> -----Original Message-----
> From: george murphy [mailto:email@example.com]
> Sent: Saturday, February 23, 2002 6:07 AM
> To: John W Burgeson
> Cc: firstname.lastname@example.org; email@example.com
> Subject: Original sin (was Re: Human origins and doctrine ...)
> The eastern tradition, represented by Irenaeus, sees
> humanity as
> having been created without sin but in an immature & childlike state.
> Humanity was intended to grow, to develop toward a final
> state of righteous
> maturity in union with God. The first sin then was not so
> much a matter of
> an abrupt "fall" but of getting off the proper road.
Side issue: I may be mistaken, but Irenaeus, as far as I can tell, has
always been listed as a western/Latin father. He was Bishop of Lyons,
[more stuff deleted]
> But we can't simply think of the first humans as moral or
> intellectual blank slates who could just
> as well have avoided sin as sinned. What we know of
> evolution suggests that
> the first humans (however we choose to define them) would
> have inherited a
> heavy genetic &/or behavioral load inclining them toward
> behaviors that we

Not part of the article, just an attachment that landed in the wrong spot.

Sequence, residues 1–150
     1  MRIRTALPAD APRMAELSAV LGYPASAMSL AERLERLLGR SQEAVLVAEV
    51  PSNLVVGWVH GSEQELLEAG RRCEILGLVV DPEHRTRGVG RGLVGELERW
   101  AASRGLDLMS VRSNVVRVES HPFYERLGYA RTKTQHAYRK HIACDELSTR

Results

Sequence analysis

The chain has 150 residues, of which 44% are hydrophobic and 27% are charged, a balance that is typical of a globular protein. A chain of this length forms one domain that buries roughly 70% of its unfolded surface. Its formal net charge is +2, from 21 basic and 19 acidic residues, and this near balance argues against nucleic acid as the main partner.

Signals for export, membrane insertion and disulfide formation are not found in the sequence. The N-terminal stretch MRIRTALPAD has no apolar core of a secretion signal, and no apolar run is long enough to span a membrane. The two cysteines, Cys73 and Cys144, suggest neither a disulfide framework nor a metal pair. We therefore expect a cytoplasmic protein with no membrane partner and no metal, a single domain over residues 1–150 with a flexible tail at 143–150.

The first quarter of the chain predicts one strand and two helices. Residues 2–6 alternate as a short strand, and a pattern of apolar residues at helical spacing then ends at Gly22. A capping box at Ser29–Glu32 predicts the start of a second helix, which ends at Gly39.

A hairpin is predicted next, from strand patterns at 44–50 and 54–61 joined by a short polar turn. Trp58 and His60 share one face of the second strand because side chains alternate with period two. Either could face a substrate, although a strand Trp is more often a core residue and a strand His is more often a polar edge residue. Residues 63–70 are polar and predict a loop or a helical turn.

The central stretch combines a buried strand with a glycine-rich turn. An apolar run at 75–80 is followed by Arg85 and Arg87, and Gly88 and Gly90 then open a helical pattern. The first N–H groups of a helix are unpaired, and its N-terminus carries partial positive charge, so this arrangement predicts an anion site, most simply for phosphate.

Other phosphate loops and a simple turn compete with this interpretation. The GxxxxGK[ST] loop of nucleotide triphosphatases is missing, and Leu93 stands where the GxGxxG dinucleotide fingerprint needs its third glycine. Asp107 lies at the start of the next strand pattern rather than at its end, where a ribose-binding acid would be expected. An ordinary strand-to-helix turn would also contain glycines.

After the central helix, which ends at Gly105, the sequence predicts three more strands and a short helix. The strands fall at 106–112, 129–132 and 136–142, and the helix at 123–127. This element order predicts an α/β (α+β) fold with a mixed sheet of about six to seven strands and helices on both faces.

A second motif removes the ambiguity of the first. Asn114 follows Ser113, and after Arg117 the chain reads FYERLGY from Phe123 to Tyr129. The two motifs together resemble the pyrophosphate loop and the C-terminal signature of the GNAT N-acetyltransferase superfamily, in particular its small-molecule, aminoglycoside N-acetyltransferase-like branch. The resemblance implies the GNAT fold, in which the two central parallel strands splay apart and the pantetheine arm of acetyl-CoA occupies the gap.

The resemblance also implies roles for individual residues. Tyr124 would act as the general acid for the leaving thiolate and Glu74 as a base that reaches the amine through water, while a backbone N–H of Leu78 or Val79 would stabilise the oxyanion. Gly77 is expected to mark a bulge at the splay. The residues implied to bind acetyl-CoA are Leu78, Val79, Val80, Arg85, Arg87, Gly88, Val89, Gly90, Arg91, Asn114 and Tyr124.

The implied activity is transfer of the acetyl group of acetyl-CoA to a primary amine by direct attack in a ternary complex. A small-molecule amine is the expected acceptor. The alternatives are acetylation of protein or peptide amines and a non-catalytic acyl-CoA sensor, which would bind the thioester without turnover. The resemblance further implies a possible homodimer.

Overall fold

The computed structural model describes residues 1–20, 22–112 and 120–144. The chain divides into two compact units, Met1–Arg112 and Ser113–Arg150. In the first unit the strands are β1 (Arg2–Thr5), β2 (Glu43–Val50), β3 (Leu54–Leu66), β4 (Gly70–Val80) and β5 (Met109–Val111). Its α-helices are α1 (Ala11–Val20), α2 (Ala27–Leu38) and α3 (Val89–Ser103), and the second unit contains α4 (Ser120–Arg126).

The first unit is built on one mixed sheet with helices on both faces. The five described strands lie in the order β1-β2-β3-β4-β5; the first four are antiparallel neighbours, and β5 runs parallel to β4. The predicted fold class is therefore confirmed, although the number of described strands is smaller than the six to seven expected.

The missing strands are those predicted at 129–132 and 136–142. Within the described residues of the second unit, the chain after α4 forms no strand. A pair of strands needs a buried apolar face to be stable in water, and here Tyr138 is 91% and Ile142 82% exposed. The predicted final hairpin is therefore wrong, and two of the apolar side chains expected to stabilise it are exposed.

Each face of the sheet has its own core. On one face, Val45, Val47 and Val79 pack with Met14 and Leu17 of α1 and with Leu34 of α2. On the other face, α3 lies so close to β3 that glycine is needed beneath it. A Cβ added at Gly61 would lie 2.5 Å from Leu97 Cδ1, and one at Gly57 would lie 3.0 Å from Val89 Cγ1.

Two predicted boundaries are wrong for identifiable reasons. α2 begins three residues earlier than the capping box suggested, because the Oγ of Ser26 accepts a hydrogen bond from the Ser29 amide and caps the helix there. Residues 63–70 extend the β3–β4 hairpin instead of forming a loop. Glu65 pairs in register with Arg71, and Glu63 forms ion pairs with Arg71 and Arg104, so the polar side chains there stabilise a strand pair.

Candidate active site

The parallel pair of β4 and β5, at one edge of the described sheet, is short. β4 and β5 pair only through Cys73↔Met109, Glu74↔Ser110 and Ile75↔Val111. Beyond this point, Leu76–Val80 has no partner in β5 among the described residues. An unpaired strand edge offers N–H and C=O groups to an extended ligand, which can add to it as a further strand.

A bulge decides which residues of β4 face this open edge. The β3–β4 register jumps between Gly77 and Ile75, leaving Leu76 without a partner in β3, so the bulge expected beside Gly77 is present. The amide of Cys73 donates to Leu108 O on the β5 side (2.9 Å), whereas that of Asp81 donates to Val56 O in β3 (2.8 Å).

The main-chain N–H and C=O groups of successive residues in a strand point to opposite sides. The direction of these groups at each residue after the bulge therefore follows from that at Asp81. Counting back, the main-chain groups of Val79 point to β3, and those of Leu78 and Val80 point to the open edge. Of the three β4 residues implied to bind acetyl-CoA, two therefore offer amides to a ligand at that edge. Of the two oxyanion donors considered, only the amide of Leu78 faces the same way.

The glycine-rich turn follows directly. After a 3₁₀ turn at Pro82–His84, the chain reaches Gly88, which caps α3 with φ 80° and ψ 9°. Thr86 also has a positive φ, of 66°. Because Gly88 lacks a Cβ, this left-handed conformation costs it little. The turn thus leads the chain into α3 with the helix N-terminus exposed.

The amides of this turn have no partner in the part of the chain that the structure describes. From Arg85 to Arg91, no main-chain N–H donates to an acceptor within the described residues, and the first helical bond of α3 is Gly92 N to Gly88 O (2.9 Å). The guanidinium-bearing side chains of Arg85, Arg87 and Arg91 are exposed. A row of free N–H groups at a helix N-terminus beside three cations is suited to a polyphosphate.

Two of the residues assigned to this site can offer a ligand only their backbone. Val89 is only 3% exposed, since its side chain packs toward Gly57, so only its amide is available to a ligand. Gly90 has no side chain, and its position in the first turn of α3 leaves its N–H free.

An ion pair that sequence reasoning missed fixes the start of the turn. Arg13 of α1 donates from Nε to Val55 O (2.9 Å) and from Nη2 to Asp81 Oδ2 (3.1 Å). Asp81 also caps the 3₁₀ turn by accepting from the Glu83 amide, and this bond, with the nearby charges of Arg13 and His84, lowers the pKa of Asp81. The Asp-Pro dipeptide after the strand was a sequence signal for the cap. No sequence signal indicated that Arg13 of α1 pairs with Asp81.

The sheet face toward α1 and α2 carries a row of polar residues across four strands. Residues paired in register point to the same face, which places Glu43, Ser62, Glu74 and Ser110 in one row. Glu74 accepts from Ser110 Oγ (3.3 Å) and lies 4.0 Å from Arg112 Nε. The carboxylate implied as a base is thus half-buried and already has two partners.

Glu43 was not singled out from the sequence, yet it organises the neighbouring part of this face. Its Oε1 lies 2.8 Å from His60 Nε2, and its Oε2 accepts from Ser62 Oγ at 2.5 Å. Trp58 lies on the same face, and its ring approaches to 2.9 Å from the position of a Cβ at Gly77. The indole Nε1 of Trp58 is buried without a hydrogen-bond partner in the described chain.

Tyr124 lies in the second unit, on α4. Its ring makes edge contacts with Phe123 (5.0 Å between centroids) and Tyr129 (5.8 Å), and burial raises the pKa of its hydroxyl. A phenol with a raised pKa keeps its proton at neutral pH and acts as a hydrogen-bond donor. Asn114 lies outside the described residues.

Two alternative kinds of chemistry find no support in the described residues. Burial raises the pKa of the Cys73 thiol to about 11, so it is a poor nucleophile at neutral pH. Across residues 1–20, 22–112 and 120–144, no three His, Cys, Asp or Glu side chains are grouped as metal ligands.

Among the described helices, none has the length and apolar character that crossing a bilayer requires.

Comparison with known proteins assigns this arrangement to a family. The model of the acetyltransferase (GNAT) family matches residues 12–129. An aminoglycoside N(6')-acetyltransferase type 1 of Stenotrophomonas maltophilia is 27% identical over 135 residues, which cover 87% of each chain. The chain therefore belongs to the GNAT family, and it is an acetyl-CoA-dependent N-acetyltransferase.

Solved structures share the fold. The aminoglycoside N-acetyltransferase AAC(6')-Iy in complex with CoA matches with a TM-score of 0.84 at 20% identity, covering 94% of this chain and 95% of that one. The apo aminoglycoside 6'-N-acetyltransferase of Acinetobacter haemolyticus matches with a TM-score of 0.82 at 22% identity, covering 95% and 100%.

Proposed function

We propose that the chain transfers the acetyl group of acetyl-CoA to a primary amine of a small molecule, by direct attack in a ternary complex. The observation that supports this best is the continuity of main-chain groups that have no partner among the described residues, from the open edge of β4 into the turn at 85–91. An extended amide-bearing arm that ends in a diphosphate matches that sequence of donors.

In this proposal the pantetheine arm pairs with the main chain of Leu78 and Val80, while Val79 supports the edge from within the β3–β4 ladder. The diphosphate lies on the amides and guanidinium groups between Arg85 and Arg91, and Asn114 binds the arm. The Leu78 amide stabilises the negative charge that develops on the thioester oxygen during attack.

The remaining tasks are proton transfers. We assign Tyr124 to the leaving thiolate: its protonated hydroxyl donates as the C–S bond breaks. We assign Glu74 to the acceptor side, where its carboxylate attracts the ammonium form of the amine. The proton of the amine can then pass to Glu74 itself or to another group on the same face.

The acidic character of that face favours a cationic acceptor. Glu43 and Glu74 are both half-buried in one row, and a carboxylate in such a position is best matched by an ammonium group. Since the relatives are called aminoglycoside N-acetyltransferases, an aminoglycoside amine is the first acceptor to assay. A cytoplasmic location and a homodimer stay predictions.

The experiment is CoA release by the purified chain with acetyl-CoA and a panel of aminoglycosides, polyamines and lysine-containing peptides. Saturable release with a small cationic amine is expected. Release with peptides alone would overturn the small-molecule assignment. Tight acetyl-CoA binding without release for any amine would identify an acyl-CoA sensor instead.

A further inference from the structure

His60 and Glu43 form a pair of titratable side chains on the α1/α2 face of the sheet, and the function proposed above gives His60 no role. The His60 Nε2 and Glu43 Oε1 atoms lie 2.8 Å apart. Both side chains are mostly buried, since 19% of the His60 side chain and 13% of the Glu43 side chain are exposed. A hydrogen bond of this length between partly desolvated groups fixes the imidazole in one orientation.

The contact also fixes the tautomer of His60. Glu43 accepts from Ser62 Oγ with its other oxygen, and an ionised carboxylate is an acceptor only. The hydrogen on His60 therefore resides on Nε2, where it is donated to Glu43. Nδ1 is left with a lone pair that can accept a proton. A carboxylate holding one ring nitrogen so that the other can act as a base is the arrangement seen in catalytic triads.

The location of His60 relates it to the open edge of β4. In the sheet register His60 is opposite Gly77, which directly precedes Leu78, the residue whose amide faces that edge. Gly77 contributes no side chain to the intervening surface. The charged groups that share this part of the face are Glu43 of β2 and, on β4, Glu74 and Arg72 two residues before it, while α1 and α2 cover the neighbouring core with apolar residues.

> would consider sinful - aggression, sexual promiscuity,
> theft, &c. These
> behaviors would not have been sin in their ancestors who were
> not moral
> agents, but would have been sinful in moral agents. & with
> those inherited
> tendencies it's very hard to see how those first moral agents
> could have
> avoided sin.
Yes, which brings up the question of how these creatures could have evolved
from amoral organisms to moral agents. A purely evolutionary account seems
unsatisfactory at this point, given our current state of knowledge.
> We can still say that sin is not part of what
> constitutes proper
> human nature, but in the course of real evolutionary history
> sin could not be
> avoided. Sin is not "necessary" but it was "inevitable."
> In brief, I think an eastern metaphor of "taking the
> wrong road"
> (with the consequence of all humanity getting "lost in the
> woods") is better
> than the western metaphor of "the fall," especially if we are
> concerned to
> make theological sense of human evolution.
It seems that a further distinction need to be made in what you refer to as
the western view. Reformed theology and Catholic theology are quite
different on this issue, and the Catholic view is, IMO, (a little) closer to
the Eastern view.
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